The Studio Environment
What tends to separate what people see as professional documentary work from those who approach the art form with a “Do It Yourself” ethic is the setup of the interviews. One of the most important, and most difficult, aspects of doing a sit down interview for digital video is finding a way to light it effectively and dramatically. Each situation has its own sets of principle and challenges, but the “studio” set-up is the most controlled and usually the best for those new to this type of work.
What the “studio” means is that it is a room that has satisfactory acoustics and in which you have control over all aspects. This could be just about anywhere from a professional news studio to the tool shed in your backyard; all that matters is how you dress the location that you are in. Rooms with carpets are often great because it cuts down on the amount of echo you will get in your audio, but if you are dealing with wood or tile just put down blankets around your subject.
Lighting for Home Digital Video Interviews
You are going to want to use a portable light kit, but if you have no access to such equipment you can use certain home lamps for each light that would be in the light kit. Set up two chairs, approximately two to three feet apart from each other. Have one of the chairs close to the wall, and the other chair with a large distance between it and the background. That chair will be where your subject sits, and it is advisable to get as much distance between it and the background as possible. Place the camera on a tripod to the left of the interviewers chair, and a small Tota light to the right of the chair. This is a small square light, on a stand, with about a 600-800 Watt power reading. It is advisable to secure a white sheet umbrella on the light to soften the glow. Raise the light slightly above the subject’s head so that the reflection of the light will be in the upper-right area of the subject’s pupil. A strong lamp will work as long as it can be pointed in the direction of the subject’s face. You will know that the light is in the correct spot if you can see the shadow for the subject’s nose is perfectly in line with the crease that occurs from their nose to mouth.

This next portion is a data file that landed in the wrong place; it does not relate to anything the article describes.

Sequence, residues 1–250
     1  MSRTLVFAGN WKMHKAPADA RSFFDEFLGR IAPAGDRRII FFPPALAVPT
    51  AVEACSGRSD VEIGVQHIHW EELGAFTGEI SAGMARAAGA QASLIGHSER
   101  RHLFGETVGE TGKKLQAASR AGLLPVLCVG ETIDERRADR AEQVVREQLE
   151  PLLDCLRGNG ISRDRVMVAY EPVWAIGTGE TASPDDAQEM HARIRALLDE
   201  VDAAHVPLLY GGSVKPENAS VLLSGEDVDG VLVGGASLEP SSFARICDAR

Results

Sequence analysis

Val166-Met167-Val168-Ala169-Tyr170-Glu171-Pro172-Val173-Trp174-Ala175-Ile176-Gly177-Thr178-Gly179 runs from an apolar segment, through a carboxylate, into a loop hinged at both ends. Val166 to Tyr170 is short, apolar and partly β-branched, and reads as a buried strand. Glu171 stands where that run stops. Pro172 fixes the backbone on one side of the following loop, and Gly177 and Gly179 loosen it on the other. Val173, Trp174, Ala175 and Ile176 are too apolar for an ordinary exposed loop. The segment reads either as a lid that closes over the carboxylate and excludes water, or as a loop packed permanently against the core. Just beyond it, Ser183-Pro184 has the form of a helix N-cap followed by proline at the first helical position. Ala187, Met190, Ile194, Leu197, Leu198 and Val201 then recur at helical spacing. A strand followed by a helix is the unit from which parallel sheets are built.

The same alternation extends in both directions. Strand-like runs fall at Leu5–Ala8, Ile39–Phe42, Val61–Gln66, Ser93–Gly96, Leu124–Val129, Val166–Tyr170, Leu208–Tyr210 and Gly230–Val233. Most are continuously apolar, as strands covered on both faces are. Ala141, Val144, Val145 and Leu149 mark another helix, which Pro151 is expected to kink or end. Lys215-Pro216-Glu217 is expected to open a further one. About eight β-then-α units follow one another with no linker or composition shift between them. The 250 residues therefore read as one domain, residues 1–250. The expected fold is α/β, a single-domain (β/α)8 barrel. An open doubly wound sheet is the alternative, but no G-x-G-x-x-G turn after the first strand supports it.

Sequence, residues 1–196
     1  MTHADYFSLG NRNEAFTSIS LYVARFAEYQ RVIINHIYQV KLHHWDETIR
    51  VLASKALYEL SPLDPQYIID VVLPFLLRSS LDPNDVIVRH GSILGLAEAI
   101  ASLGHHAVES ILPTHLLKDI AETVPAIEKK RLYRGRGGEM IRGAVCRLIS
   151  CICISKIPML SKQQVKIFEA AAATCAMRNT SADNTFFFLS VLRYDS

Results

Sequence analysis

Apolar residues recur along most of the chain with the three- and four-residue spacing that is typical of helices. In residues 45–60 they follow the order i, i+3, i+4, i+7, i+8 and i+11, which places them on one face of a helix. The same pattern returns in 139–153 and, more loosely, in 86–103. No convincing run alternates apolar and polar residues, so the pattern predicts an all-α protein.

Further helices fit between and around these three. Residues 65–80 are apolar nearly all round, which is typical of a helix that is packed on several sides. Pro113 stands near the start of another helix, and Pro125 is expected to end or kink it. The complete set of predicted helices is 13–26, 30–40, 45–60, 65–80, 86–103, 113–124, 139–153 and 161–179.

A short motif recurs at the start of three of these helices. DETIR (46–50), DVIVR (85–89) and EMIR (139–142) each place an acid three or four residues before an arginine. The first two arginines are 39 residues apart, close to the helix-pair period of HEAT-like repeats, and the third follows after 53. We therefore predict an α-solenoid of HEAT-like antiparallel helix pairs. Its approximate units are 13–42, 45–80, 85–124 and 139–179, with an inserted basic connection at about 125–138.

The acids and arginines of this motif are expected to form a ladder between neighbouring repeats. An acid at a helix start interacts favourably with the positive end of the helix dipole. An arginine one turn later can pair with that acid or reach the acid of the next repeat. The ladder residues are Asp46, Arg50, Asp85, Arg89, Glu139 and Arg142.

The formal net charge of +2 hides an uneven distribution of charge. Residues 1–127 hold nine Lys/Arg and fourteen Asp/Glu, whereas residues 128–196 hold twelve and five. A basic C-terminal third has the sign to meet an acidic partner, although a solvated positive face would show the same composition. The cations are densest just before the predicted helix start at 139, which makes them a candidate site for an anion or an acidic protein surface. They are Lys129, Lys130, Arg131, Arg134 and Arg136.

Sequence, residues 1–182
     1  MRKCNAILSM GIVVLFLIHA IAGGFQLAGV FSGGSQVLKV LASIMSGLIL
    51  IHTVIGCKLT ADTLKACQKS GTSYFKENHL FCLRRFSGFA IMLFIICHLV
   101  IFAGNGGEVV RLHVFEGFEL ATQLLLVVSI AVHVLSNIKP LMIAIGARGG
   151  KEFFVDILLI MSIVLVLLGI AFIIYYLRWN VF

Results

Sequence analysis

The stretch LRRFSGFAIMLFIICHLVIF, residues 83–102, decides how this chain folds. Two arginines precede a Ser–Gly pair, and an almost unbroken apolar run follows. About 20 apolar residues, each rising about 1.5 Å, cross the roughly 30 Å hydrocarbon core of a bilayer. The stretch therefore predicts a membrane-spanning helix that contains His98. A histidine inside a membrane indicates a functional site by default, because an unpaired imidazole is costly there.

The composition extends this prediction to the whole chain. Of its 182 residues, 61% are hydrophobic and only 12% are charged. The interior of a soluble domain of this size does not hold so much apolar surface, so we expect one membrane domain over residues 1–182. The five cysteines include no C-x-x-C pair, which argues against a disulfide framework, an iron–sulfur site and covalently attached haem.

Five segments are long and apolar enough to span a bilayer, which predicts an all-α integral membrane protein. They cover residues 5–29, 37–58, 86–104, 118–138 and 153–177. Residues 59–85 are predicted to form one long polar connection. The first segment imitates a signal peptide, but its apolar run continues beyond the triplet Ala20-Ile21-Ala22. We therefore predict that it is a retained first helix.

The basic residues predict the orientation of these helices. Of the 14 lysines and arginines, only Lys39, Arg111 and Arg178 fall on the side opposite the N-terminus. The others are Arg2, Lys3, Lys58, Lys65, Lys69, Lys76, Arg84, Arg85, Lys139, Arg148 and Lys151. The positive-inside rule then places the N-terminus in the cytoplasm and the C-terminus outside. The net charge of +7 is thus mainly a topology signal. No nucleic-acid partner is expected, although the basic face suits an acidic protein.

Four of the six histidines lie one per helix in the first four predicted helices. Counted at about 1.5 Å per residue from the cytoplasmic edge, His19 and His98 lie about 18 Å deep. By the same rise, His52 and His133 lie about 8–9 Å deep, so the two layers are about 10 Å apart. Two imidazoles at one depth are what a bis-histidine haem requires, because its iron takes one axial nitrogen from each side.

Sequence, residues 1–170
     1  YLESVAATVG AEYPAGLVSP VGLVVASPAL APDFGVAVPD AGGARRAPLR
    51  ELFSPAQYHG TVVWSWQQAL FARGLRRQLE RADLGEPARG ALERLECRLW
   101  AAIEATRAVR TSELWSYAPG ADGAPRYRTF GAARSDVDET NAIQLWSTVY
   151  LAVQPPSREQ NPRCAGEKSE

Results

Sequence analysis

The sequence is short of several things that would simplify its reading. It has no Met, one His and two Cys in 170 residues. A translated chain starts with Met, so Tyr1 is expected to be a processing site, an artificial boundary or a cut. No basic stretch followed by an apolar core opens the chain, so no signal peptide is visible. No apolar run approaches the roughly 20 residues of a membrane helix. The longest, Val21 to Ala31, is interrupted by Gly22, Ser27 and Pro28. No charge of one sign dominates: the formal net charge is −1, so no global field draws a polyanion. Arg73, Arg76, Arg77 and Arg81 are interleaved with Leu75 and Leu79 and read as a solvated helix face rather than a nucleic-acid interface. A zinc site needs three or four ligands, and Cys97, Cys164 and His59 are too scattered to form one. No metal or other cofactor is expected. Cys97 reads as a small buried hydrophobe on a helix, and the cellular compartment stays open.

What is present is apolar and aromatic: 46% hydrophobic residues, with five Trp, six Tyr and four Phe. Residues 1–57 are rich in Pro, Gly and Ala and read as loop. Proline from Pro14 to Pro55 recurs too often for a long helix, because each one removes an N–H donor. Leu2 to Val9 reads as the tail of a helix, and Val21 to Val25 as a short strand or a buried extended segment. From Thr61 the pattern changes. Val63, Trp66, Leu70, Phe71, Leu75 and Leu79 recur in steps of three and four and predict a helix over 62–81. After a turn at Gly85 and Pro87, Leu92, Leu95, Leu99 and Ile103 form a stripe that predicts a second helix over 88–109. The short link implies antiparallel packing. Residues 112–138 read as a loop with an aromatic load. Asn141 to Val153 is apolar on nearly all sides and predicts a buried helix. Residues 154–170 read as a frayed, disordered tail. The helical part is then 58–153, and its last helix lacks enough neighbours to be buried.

Next you want a fill light. A white card, or a white poster board, is best for this. You attach it to a stand and place it on the opposite side of the subject’s face. You bring this white card close enough so that the skin tone on that side of the face is illuminated enough to see but far enough away so that it will not be in the frame of the image on the camera.
What really sets amateur and professional lighting apart from each other is the use of a backlight, or kicker. This is a light that is placed behind a subject and illuminates the back of their head. You are going to want to use a strong spotlight, ranging from 800-1000 Watts. You want to bring this light off behind the fill white card, pointing at the back-left of the subject’s head. You want to make sure that the back of the head is illuminated but not overly “hot,” so angle the light so that it is just graced by the light but not overly bright. The light should be in a direct line to both the camera and the total light.
The last light you are going to want to use is the same type as you just used for the kicker, and you are simply going to use it to illuminate the background. Place that kicker directly behind the other and point it at the background. Make sure that the background is colorful but that it is out of focus and does not have any readable text. That will only distract the viewer from watching the subject.
This is a quick and easy way to set up a studio lighting that will transform any home digital video project into looking like a professional documentary.
This post is part of the series: Lighting for Digital Video
Different techniques and topics on lighting for digital video filmmaking.